After decades of former governmental stability, in the 2000s the town made headlines repeatedly as two of its recent mayors were embroiled in clashes with the town council. One mayor, Joyce Beck was ousted from office after changes to the Town Charter. In June 2009 her successor, Myles Spires, has filed a $15 million dollar lawsuit against the town for malicious prosecution after being cleared of all charges initiated by the town for misuse of town's funds.

Re:50% of the budget (1)

muindaur (925372) | more than 2 years ago | (#35898728)

I live in a small town, and about ten years ago I shadowed the offices at the board of ed in high school. I got to see some of the financial sheets at the accountant, and the school system was costing about $2 million then (pop 12K at the time over a large land area.)

If teachers are paid $40-60K a year, then costs can add up, and principles cost more in salary. Just ten teachers at a high-school can cost $400K- 1.2 Mil. It's the reason my text books in 2001 were 10+ years old. We didn't have all the funds needed for new ones.

Consider things like paying for public works(plowing, winter damage repair to roads, etc), and other operating expenses; then $6 million is about right if it's a smaller town. Otherwise it could get higher than that.

Re:50% of the budget (4, Insightful)

suso (153703) | more than 2 years ago | (#35898946)

Consider things like paying for public works(plowing, winter damage repair to roads, etc), and other operating expenses; then $6 million is about right if it's a smaller town. Otherwise it could get higher than that.

My "wow" wasn't over the size of the budget, but of the percentage that was paid for by speeding tickets alone. I mean, what if nobody speeds some year, which is what you want anyways, right?

Maybe (0)

Anonymous Coward | more than 2 years ago | (#35898468)

We should stop pretending speed laws and enforcment has anything to do with safety.

And stop messing around wasting time and money like this.

Re:Maybe (0)

Anonymous Coward | more than 2 years ago | (#35898846)

Hey, if they just remove the points I might have a bit less of an issue with it. I mean if you can just drive however you want as long as you have the money for the tickets.....

The obvious response... (5, Insightful)

Bobfrankly1 (1043848) | more than 2 years ago | (#35898482)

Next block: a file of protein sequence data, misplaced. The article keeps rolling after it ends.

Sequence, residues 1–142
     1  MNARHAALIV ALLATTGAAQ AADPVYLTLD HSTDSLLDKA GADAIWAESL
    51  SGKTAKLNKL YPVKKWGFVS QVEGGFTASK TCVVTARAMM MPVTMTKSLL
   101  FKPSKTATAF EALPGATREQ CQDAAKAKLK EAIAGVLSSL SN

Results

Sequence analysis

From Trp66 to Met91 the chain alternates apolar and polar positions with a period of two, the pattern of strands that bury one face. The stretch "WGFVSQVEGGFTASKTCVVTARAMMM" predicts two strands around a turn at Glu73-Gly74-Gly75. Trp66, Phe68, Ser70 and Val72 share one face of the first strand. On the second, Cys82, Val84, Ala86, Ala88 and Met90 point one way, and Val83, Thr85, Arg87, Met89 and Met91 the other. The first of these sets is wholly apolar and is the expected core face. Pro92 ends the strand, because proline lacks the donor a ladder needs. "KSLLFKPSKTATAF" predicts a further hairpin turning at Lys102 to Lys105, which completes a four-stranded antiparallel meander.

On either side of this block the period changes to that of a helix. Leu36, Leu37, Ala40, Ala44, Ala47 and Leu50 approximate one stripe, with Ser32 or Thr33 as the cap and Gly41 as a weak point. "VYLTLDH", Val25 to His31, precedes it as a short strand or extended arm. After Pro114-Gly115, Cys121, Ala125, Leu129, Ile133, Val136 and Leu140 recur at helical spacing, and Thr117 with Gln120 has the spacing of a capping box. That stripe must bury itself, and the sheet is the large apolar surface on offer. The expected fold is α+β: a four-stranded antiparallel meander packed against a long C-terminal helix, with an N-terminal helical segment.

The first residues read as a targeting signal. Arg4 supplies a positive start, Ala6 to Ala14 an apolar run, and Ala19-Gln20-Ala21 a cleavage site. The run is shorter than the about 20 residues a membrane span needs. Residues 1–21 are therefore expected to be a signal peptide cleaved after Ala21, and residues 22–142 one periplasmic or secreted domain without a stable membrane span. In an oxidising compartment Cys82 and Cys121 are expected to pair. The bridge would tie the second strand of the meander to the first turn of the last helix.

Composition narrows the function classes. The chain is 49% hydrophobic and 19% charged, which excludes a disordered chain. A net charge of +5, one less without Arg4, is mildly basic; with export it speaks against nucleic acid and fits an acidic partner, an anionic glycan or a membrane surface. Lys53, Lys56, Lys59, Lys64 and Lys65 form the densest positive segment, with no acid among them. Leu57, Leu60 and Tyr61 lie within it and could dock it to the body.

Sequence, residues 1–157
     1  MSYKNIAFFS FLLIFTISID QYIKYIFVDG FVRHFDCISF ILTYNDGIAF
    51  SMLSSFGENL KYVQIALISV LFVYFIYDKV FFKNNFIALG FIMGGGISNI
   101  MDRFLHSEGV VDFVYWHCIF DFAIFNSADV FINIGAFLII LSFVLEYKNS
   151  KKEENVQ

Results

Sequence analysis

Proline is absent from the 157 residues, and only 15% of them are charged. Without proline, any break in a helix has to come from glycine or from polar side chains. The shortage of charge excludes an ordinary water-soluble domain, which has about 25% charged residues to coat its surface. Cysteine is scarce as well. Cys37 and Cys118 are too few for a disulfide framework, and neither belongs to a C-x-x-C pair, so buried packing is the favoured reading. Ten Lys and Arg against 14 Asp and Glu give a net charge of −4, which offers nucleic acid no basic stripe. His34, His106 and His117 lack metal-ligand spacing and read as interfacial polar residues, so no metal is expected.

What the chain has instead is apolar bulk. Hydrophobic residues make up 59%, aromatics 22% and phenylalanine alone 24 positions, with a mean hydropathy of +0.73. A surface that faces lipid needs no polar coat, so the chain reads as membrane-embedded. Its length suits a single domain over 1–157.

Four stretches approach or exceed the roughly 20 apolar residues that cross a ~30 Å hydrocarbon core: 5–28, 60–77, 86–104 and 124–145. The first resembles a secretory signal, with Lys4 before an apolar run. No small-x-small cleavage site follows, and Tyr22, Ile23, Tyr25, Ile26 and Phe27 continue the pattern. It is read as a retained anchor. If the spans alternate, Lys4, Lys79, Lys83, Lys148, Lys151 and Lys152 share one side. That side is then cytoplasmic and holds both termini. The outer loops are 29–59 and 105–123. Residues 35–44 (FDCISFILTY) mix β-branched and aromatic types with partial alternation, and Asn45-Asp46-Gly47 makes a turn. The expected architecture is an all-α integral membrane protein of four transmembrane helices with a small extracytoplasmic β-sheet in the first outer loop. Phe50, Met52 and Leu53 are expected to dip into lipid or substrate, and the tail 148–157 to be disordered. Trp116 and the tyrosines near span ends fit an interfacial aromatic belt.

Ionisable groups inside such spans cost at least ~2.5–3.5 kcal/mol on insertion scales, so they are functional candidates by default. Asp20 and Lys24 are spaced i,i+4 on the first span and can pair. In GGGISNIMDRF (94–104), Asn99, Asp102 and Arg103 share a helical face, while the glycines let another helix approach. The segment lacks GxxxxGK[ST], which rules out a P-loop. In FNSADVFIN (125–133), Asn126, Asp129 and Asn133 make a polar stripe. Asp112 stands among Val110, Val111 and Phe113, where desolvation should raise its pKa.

which include timestamps of two photos.

The obvious response? They will start sending ONE timestamped photo.

Re:The obvious response... (1)

Svartalf (2997) | more than 2 years ago | (#35898624)

And, if they do, they'll be challenged as being re-touched. You HAVE to have the timestamps to make it legal in the slightest. :-D

Re:The obvious response... (1)

dougmc (70836) | more than 2 years ago | (#35898652)

Bingo.

And once somebody pulls up GPS tracks that show their speed at that one timestamp and uses that to get out of the ticket ... they'll remove the timestamp from the photo, or drop the seconds entirely.

Need a new law. (1)

khasim (1285) | more than 2 years ago | (#35898654)

I think you're right.
The best way to fight that is to pass a law requiring two pictures AND those photos must include distance markers and time stamps (to 0.01 second) so that people charged can challenge incorrect reading.

Speeding cameras are okay. But they need to be able to demonstrate their accuracy in each and every instance.

Re:The obvious response... (2)

hawguy (1600213) | more than 2 years ago | (#35898730)

which include timestamps of two photos.

The obvious response? They will start sending ONE timestamped photo.

Maybe this should be a new requirement for speed cameras -- they can use the radar/lidar to get an instantaneous speed if they want to, but they can only generate a ticket if the average speed as calculated from 2 photos is above the speed limit and the photo has to be reviewed and the ticket approved by a trained police officer (i.e. not by the private company that earns revenue from the ticket). Since the photos can be a fraction of a second apart and still give enough detail for accurate speed calculations (60 miles/hour is 88 feet/second (translation: 100km/hour = 27 meters/second)), it's not like a driver can do much to slow down between pictures.